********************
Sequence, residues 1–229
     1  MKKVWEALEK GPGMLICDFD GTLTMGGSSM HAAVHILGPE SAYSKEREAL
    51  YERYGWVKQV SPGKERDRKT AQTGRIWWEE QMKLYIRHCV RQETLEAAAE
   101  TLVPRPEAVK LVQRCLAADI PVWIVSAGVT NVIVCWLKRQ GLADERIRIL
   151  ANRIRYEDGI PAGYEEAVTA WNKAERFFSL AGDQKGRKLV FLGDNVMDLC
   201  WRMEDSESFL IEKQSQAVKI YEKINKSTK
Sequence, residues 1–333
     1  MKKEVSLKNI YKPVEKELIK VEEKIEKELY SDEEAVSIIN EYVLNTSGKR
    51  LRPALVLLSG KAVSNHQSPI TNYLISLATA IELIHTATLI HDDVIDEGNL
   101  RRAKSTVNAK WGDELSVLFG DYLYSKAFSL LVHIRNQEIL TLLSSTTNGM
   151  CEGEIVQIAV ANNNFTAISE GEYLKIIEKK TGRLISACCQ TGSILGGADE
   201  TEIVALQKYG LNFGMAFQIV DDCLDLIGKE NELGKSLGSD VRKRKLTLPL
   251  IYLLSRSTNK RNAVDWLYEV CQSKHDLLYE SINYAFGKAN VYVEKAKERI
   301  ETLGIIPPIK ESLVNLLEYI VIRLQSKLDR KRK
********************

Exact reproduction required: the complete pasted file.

Sequence, residues 1–229
     1  MKKVWEALEK GPGMLICDFD GTLTMGGSSM HAAVHILGPE SAYSKEREAL
    51  YERYGWVKQV SPGKERDRKT AQTGRIWWEE QMKLYIRHCV RQETLEAAAE
   101  TLVPRPEAVK LVQRCLAADI PVWIVSAGVT NVIVCWLKRQ GLADERIRIL
   151  ANRIRYEDGI PAGYEEAVTA WNKAERFFSL AGDQKGRKLV FLGDNVMDLC
   201  WRMEDSESFL IEKQSQAVKI YEKINKSTK
Sequence, residues 1–333
     1  MKKEVSLKNI YKPVEKELIK VEEKIEKELY SDEEAVSIIN EYVLNTSGKR
    51  LRPALVLLSG KAVSNHQSPI TNYLISLATA IELIHTATLI HDDVIDEGNL
   101  RRAKSTVNAK WGDELSVLFG DYLYSKAFSL LVHIRNQEIL TLLSSTTNGM
   151  CEGEIVQIAV ANNNFTAISE GEYLKIIEKK TGRLISACCQ TGSILGGADE
   201  TEIVALQKYG LNFGMAFQIV DDCLDLIGKE NELGKSLGSD VRKRKLTLPL
   251  IYLLSRSTNK RNAVDWLYEV CQSKHDLLYE SINYAFGKAN VYVEKAKERI
   301  ETLGIIPPIK ESLVNLLEYI VIRLQSKLDR KRK